In 1951, Henrietta Lacks was admitted to Johns Hopkins Hospital, one of the few hospitals to attend to black patients at the time, for treatment of cervical cancer.
After a biopsy, it was soon discovered that the young mother of five had cells that differed from any others previously studied: where other cells would die, Lacks’ cells doubled every 20 to 24 hours. The cells were nicknamed HeLa and are still used to study the effects of toxins, drugs, hormones and viruses on the growth of cancer cells without experimenting on humans.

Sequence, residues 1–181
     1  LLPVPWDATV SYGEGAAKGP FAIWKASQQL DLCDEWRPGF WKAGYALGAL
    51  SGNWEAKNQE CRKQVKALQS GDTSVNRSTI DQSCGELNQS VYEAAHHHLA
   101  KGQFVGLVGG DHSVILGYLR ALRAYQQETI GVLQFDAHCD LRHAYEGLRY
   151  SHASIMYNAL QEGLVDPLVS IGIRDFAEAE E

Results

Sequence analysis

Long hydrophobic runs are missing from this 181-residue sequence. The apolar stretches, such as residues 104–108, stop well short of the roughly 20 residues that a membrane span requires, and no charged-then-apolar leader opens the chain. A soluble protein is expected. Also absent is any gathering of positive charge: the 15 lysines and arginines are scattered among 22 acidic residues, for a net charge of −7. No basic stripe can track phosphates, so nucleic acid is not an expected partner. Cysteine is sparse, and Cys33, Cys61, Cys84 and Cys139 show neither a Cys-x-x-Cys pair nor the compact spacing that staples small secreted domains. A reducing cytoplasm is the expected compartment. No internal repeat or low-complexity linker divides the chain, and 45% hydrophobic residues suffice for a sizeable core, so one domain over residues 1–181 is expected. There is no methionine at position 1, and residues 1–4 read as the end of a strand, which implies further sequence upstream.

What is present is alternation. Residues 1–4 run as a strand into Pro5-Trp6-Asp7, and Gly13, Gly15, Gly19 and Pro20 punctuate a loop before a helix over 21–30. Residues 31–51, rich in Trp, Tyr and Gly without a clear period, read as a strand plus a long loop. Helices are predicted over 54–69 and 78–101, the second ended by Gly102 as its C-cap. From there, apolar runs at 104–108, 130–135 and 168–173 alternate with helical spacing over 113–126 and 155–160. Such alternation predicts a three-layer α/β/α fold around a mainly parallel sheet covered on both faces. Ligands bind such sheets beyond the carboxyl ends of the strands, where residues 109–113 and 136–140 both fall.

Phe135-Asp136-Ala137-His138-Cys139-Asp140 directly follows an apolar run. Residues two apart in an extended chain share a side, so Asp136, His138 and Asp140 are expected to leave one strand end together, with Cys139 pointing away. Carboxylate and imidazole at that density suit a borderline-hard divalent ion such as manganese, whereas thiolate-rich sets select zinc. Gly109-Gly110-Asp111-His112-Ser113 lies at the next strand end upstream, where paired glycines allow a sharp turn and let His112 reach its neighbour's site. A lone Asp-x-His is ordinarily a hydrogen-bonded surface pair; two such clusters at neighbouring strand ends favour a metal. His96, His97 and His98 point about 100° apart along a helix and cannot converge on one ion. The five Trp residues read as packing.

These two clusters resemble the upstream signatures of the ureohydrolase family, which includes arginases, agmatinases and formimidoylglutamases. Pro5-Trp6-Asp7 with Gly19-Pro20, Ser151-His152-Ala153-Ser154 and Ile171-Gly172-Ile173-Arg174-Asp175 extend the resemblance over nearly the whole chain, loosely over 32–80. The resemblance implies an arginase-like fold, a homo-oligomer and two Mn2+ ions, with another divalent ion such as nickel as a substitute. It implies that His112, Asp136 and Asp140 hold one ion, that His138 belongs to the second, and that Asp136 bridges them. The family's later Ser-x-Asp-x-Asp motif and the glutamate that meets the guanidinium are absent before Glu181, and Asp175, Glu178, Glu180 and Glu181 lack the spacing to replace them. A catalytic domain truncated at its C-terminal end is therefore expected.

Lacks died on October 4, 1951, at the age of 31. Lacks was never informed that her cells had been harvested and her family was never compensated for the incredible scientific breakthrough she inadvertently provided to modern medicine. The issue of compensation is still ongoing.